There are a few things that should be pointed out in consideration of the cleanliness of Harrogate. A clean, tidy barn is a sign of respect for the sport and for our partner, the horse.
The Mane Bit is going to go behind the scenes for next month's edition to help you prepare for shows. We hope to talk to Judge Carolyn Clarkson who has judged many of Harrogate's Schooling Hunter Shows. Each edition from now until June we will describe one division and how it will be scored.
As you know, the horse shows at Harrogate are Schooling Shows. This means that all the kids (and people from other stables) get to participate in a horse show without the huge expense and the pressure of the more advanced Trillium Circuit or 'A' Circuit. Five different divisions are offered so there is something for everyone.
The Short Stirrup class is for semi-beginners. There is really no age restriction but most of the riders are 12 and under. There are three classes: Walk, Trot; Walk, Trot, Canter; Equitation over four small cross-rails. In all of these classes, the judge is judging the rider not horse. Riders must have light contact with the reins; heels should be down and the rider should be on the correct diagonal at the trot. In the canter, it is important to get the horse to canter on the correct lead and to stop without running over the judge or any other horses! In the Equitation Over Fences, riding good, straight lines over the fence and communicating kindly to the horse is most important. If this sounds easy, remember, that these are beginners, who are sometimes excited and nervous.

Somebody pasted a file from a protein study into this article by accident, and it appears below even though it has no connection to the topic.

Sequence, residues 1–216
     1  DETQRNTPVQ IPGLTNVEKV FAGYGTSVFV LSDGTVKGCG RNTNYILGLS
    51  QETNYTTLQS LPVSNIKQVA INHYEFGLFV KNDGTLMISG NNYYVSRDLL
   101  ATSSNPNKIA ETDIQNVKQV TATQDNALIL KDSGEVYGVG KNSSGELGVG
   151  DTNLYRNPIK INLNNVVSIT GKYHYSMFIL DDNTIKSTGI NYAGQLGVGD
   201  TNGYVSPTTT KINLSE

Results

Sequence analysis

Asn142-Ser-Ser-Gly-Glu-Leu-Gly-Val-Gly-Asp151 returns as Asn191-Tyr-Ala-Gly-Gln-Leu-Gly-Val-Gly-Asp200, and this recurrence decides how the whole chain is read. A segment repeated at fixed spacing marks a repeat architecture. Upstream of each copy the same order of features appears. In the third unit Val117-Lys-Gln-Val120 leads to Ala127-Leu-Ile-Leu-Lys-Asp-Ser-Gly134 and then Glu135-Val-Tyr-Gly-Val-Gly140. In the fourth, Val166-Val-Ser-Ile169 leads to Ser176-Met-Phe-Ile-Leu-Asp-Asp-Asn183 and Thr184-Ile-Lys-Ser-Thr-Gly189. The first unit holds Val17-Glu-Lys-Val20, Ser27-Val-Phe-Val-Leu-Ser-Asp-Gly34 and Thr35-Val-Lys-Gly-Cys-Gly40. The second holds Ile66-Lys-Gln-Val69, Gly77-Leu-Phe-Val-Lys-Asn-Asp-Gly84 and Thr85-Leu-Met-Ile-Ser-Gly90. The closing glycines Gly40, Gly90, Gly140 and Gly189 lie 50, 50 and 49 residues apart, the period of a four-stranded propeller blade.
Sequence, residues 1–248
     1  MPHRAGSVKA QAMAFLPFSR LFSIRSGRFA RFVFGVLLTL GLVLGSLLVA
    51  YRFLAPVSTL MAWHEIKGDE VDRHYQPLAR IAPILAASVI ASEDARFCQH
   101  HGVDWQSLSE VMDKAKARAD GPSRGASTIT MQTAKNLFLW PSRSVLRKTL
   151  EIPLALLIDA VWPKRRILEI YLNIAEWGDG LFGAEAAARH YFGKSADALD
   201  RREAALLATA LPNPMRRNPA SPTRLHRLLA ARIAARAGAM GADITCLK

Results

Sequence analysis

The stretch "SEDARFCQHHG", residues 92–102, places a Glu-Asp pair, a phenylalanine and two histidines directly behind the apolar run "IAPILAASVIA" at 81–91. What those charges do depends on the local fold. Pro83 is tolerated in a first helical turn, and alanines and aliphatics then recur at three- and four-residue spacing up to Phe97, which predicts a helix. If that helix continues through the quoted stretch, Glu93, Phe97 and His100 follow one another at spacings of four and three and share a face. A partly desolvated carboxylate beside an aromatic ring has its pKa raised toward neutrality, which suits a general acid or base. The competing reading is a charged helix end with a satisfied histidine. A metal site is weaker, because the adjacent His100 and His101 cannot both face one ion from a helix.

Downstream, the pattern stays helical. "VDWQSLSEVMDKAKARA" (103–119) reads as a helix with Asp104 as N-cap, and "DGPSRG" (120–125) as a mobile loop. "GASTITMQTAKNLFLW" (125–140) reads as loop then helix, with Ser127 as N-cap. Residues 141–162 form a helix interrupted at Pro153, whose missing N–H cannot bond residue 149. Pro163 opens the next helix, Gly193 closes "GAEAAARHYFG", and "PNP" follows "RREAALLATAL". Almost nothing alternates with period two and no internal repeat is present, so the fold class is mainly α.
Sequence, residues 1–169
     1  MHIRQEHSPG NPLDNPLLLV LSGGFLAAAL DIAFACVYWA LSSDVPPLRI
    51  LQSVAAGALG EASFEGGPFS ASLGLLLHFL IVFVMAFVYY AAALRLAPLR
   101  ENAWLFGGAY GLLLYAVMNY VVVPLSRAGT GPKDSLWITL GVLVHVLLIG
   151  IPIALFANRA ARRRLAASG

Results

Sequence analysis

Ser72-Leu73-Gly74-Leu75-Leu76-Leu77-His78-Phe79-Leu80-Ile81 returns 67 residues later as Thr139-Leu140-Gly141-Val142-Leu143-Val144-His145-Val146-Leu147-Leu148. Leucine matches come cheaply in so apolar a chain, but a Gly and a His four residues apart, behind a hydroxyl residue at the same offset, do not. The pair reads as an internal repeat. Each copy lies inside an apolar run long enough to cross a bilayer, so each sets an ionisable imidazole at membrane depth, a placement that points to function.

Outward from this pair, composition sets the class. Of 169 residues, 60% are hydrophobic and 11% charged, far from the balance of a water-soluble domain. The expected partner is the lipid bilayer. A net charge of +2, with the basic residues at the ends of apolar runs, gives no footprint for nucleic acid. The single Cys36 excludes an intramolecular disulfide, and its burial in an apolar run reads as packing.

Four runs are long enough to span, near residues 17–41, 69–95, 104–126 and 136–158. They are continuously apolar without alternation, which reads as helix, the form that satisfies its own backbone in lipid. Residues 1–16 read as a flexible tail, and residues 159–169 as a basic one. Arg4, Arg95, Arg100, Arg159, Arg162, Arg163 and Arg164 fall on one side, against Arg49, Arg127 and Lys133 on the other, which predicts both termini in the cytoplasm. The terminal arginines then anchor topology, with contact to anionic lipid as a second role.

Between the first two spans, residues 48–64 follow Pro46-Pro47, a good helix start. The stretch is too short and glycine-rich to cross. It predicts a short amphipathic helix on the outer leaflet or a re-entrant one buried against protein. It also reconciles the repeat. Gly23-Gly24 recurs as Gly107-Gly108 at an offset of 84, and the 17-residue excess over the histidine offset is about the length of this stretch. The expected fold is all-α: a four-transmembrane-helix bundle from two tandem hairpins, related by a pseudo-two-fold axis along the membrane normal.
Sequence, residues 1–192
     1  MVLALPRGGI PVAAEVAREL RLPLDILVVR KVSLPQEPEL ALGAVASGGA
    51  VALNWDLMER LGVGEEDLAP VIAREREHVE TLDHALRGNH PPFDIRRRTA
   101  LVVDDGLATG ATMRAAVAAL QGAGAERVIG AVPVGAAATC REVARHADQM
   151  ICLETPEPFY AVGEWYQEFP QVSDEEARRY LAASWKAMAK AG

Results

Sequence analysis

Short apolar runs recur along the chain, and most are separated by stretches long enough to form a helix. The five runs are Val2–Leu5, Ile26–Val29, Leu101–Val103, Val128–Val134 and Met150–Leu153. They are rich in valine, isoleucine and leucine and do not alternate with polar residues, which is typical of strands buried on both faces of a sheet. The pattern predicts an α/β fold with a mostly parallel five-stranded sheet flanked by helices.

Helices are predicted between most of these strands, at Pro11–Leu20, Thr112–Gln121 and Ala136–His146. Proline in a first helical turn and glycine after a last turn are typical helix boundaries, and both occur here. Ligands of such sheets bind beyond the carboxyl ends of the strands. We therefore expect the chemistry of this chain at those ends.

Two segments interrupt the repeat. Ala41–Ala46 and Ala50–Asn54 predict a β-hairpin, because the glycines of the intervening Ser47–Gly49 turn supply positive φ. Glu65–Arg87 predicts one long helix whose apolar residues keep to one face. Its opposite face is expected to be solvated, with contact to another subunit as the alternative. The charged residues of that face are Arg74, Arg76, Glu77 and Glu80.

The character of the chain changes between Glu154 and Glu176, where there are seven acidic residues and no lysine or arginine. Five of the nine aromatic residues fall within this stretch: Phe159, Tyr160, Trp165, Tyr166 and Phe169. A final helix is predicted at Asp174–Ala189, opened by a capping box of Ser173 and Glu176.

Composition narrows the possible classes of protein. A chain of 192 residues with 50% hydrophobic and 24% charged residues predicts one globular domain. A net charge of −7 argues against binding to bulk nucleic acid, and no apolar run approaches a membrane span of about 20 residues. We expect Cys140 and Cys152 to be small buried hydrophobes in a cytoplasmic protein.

The great thing about the shows at Harrogate is how all the riders encourage, comfort and support each other. We all know the best part is riding! Winning a ribbon just adds to the fun.
Northern Dancer was the first non-human to enter into Canada's Sports Hall of Fame. The second non-human was Big Ben.
Look out! Get out of the way! Here comes George! Actually, this lovable chestnut only spooks when confronted with plastic bags, or the sound of his own toots. (Yes, the gassy kind). Other than the odd take-off, George is the perfect beginner horse! He wouldn't hurt a fly (that's not precisely true, considering that's what he uses his tail for) and he stands absolutely still when necessary. This was proven one time when he was lame, and Pat had to kneel down right by his leg. Even with all the flies around, he stomped every hoof but the one she was working on. What a gentleman!